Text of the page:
QuantWare unveils a 64 qubit commercial chip

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QuantWare has launched Tenor, a new processor which features a massively scalable technology and enables quantum computers with 64 fully controllable qubits to be built commercially.

Matthijs Rijlaarsdam, CEO of QuantWare. ““The technology on which Tenor is built will massively scale the size of the devices available to the quantum market in the coming years. There are scores of great quantum computing solutions but there hasn't been the tech available to enable them to significantly scale - until now.

“Similar to how the emergence of fabless companies revolutionised the semicon industry by significantly lowering the bar to entry, we will be able to provide the design elements and fabrication that will enable many more quantum startups to scale, innovate and compete.”

Superconducting qubits have led the quantum computing race for the last few decades, but have yet to scale to truly useful qubit counts because of scaling bottlenecks. Previous generation devices have been planar: the connections between the qubits and the outside world were routed to the edges of the chip. This limits the number of qubits to the numbers seen today.

QuantWare has developed a patented 3D technology that routes the connections vertically, making it possible to scale superconducting quantum processors to thousands of qubits - opening the door to ‘quantum advantage' where quantum computers will overtake the most powerful classical computer in very specific operations. Tenor marks a significant advance in commercial quantum computing because it is the first device commercially available that features this technology.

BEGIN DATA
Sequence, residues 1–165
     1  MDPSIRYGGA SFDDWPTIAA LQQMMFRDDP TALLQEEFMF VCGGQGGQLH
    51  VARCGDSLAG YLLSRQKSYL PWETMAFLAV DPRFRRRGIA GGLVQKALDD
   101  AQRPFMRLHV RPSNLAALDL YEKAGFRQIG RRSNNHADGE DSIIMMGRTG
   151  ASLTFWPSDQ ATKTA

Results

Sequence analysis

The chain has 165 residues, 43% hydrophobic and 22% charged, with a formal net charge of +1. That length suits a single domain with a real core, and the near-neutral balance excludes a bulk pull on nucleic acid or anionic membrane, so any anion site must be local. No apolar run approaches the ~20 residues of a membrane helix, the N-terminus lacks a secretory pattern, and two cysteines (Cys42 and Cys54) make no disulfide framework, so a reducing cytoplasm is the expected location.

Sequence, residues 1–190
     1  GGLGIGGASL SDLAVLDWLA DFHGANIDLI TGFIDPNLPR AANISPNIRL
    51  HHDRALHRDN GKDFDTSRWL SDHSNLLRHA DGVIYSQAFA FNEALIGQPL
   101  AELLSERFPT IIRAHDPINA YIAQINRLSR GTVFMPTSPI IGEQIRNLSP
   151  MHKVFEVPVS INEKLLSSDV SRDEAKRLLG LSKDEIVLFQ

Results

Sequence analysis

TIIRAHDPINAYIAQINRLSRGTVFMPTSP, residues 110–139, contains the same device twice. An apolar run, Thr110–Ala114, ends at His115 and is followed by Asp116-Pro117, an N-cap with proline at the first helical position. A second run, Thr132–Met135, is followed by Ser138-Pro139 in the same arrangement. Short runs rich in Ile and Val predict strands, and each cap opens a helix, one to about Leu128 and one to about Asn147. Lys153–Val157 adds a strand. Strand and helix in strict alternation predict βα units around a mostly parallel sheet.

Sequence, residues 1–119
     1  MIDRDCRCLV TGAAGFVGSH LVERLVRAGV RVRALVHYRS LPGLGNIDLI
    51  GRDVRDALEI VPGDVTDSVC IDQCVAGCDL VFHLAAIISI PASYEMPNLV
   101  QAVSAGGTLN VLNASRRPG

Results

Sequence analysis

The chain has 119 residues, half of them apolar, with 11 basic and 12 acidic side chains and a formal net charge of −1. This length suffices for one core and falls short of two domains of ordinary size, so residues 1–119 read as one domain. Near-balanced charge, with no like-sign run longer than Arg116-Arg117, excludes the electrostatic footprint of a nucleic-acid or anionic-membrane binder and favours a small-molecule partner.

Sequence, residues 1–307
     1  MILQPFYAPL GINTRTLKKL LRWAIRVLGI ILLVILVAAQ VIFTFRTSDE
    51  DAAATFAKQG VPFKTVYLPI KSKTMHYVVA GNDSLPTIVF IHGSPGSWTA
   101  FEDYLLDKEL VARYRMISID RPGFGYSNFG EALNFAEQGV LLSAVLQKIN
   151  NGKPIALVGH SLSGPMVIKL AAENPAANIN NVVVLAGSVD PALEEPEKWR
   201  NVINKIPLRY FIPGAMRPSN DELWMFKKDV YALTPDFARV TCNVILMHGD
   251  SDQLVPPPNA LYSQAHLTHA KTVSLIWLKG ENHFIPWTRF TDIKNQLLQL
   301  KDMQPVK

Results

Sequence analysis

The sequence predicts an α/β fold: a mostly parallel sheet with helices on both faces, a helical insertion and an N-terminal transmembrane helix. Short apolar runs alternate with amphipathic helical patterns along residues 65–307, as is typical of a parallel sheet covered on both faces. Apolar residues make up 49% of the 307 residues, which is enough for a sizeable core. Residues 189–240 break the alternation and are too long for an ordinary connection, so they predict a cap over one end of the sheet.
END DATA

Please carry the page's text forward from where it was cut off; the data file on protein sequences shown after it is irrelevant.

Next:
The quantum processor features 64 fully controllable qubits, which is a device with more than twice the number of qubits than the previously largest available quantum processor. Because the qubits are fully controllable, these processors are very suitable for powerful error-correction schemes. Such a design requires more connections per qubit than the often used fixed frequency qubits, and as such were impossible at a scale of 64 qubits with conventional planar devices. QuantWare unlocks these powerful devices for the quantum community by bringing its technology to the market at a 10x lower price point than competing solutions.  

QuantWare’s aim is to become the ‘Intel of quantum computing’ by providing easy-to-use, increasingly powerful and affordable quantum processors to organisations across the world. Last year, QuantWare was selected to deliver quantum processing units for Israel’s first fully functional quantum computer.

‍QuantWare is a TU Delft / QuTech spin-out that develops, designs and fabricates scalable, superconducting quantum processors. By supplying these processors to third parties, QuantWare allows them to build a quantum computer for 1/10th the cost of competing solutions. The company develops technology that will massively scale the number of qubits in a single processor, to create processors that can perform useful quantum computation in the near term. This project was partially funded by the European Union.